Blog

 
 

Pakistani Supreme Court Leads the Way

Dawood Ahmed is a lawyer from London. He is a graduate of Oxford University and is currently a doctoral candidate in law at the University of Chicago

Pakistani hijras, or transgendered men, at a function near the army garrison city of Rawalpindi, Pakistan Photo: Declan Walsh

Amidst the commonplace pattern of negative news cycles related to Pakistan, a rather landmark human rights development there passed by largely unnoticed. On April 25, the Pakistani Supreme Court ordered the government to recognize a third gender on government issued ID cards for transgenders (commonly known as hijras in South Asia) instead of the rather inappropriate and demeaning ‘male’ or ‘female.’ To put into context how ground-breaking the change is, consider this: very few countries in the world recognize a third gender in similar circumstances.

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Radio

 
 

Talking with the Taliban

The Taliban announced this week that ten years after 9/11, it is finally willing to talk with the United States. There’s only one catch: in return, the Obama Administration has to release at least five senior Taliban officials held at Guantánamo. President Emeritus of the Center for Constitutional Rights Michael Ratner joins us to talk about prospects for peace, and the future of Guantánamo.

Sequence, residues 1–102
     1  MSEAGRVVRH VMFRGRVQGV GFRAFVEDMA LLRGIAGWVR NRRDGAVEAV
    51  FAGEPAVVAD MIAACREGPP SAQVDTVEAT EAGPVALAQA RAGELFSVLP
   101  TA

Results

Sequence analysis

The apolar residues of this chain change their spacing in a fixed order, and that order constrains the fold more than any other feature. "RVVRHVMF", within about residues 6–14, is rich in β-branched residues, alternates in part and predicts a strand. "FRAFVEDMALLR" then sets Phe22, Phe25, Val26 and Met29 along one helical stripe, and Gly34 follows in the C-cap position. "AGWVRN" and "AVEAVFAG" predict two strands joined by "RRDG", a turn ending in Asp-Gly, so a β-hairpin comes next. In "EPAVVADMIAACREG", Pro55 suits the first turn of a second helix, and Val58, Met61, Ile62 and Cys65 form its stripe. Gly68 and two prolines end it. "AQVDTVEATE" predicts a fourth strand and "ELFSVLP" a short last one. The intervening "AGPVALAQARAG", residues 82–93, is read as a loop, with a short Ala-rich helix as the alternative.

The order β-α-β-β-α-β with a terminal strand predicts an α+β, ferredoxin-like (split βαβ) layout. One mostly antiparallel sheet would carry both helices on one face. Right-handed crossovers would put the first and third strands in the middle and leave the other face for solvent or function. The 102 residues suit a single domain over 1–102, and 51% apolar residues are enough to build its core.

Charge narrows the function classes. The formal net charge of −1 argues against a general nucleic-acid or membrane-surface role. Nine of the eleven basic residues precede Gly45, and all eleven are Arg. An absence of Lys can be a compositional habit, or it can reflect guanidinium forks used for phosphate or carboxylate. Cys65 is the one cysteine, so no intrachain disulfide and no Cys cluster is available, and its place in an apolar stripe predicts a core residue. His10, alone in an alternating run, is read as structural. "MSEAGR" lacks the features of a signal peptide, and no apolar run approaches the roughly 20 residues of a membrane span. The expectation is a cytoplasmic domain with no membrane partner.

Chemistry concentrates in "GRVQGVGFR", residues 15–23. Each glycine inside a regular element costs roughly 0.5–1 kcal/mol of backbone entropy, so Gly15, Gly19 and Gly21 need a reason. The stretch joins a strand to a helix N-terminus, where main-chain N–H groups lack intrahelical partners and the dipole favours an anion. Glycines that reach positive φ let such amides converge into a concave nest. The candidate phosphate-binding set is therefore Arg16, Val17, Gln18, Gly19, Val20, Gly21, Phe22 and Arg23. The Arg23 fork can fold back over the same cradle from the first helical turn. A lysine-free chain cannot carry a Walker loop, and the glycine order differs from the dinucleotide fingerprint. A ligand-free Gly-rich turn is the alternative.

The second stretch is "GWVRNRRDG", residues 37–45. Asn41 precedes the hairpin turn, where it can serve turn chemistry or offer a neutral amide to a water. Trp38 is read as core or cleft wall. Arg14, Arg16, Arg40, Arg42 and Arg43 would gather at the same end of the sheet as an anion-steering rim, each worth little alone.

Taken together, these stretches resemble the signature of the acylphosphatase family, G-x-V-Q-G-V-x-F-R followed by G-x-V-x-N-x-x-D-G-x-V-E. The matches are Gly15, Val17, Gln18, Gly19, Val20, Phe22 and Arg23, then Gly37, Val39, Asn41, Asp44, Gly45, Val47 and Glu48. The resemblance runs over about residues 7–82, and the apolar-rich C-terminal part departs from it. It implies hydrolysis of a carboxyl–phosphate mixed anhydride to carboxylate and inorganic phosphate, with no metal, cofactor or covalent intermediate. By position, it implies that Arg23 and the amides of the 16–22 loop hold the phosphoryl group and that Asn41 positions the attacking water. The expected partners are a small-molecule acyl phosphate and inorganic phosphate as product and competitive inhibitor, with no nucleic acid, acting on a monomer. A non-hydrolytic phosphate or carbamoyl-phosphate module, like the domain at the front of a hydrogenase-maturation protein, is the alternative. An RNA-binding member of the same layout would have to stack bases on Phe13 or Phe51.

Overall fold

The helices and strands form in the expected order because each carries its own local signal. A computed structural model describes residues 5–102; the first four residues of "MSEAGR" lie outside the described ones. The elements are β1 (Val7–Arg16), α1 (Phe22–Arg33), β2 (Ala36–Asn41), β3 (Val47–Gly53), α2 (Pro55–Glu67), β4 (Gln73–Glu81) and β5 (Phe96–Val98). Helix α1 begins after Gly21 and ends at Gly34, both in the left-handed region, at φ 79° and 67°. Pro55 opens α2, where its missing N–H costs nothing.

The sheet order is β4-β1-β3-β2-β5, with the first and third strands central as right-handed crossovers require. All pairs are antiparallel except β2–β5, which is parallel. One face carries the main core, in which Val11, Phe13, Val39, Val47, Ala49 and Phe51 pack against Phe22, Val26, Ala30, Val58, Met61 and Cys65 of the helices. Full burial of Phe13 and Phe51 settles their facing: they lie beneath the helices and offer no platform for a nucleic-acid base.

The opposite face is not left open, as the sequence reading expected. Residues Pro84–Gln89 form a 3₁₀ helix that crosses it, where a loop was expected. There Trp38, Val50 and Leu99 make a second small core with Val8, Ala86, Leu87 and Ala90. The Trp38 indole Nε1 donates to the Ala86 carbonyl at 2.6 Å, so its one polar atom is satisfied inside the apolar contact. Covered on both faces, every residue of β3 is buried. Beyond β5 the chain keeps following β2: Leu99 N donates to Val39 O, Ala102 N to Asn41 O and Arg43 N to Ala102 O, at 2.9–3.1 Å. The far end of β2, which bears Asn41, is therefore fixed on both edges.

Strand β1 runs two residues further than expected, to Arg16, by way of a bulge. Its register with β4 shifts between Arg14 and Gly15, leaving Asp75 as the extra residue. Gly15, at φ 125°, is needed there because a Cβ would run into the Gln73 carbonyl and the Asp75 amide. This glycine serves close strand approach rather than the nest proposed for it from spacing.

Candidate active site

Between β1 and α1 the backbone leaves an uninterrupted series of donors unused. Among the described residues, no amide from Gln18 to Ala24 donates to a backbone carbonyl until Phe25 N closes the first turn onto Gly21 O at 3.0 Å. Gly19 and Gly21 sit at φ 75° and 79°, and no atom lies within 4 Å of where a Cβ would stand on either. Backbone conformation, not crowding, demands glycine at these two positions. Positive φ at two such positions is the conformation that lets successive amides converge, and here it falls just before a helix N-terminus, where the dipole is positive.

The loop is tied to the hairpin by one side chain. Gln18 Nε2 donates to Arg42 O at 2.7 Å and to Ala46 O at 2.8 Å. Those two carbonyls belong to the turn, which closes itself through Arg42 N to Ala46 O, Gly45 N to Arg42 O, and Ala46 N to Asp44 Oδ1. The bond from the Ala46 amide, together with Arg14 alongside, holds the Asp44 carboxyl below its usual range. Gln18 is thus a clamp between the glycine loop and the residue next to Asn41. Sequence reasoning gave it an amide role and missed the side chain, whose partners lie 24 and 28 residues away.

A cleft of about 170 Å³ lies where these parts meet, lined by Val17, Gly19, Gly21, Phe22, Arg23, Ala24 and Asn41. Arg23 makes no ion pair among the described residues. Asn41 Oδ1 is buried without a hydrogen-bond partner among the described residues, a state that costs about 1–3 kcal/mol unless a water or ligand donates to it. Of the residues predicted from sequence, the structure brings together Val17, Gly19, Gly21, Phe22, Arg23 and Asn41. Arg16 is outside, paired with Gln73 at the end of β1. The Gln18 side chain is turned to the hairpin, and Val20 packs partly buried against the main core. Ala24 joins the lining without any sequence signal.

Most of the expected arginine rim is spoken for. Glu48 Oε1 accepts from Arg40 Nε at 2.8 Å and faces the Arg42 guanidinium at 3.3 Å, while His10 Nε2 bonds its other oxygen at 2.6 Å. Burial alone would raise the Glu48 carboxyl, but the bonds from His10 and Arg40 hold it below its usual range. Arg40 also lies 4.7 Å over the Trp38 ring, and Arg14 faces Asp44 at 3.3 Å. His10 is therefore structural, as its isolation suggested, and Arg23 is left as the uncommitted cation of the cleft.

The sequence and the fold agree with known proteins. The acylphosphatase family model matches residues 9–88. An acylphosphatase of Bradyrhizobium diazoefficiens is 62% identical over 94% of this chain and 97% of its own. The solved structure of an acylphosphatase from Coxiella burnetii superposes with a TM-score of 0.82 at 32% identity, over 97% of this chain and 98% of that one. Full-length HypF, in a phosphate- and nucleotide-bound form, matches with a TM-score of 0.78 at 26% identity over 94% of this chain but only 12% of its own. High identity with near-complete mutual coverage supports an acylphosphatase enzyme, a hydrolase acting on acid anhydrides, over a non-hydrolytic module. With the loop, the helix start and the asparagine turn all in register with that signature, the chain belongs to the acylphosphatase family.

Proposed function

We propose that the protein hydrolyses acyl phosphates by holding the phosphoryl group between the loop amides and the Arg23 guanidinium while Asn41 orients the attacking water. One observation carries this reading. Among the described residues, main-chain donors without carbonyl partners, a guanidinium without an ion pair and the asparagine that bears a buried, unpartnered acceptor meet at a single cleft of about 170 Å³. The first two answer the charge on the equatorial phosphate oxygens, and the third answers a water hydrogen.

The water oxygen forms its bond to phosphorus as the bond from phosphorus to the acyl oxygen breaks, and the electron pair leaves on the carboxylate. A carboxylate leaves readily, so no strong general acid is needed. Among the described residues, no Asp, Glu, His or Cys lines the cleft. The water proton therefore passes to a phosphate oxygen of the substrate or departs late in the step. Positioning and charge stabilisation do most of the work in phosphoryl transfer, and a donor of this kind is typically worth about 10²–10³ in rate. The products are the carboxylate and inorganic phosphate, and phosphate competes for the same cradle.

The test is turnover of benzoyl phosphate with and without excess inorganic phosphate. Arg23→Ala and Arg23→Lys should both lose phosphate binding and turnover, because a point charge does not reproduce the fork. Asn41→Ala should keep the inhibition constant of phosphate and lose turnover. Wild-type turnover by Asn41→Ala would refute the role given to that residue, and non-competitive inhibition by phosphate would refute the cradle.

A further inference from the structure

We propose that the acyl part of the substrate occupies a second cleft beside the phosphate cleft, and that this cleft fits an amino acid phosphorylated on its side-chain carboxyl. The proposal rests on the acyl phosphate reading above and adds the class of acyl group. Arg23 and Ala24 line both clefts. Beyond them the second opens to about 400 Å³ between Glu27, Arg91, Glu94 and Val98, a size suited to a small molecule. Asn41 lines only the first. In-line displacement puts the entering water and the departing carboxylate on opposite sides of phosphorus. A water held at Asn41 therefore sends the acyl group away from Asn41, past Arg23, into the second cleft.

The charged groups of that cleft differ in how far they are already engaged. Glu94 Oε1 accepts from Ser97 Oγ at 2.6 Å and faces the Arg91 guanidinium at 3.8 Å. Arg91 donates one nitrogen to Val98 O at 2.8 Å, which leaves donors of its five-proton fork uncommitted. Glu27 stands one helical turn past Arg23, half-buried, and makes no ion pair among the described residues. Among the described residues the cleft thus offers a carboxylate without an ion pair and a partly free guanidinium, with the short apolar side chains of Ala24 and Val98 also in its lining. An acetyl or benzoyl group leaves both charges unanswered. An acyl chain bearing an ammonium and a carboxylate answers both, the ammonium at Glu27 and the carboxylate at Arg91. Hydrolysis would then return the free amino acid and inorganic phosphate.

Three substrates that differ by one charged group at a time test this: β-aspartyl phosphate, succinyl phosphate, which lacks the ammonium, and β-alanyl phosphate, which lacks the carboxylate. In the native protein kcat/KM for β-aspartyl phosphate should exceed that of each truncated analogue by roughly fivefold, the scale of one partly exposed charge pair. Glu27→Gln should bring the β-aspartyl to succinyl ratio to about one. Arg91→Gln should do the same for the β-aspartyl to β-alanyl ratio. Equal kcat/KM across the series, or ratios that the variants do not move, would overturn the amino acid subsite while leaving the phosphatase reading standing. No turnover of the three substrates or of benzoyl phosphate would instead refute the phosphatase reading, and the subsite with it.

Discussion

Regions & Themes

 
 

Latin America

Islam in Brazil

Maria Moreira, Islam For Today

Islam is the fastest growing religion in the world. However, in Latin America, and specifically in Brazil, this is not the case. Why? Maria Moreira, a Brazilian convert who teaches at the State University of Rio de Janeiro, examined the history and current state of the Muslim community in Latin America’s largest country. She found two main reasons for the low conversion rate.

The first is the lack of trust and understanding by Brazil’s Arab-Muslim community. The new converts were treated more as “intruders” to the community. They “have to fight alone against the criticism of his/her family, friends, the Brazilian society and worst: fight against the criticism of their own fellow Muslim brothers and sisters. The feeling of isolation leads some to abandon Islam after a while.” The second reason is the shortage of good books and other resources about Islam in the Portuguese language. “The other Latin people are Spanish speakers and can depend on good works translated to Spanish. However, Brazilians are the only Portuguese speakers among Latinos and this fact increases their difficulties.” Continue reading